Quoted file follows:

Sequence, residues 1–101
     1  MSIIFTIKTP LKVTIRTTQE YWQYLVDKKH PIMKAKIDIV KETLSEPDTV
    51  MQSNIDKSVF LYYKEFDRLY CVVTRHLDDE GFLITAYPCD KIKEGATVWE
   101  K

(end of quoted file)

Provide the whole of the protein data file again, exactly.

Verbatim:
Sequence, residues 1–101
     1  MSIIFTIKTP LKVTIRTTQE YWQYLVDKKH PIMKAKIDIV KETLSEPDTV
    51  MQSNIDKSVF LYYKEFDRLY CVVTRHLDDE GFLITAYPCD KIKEGATVWE
   101  K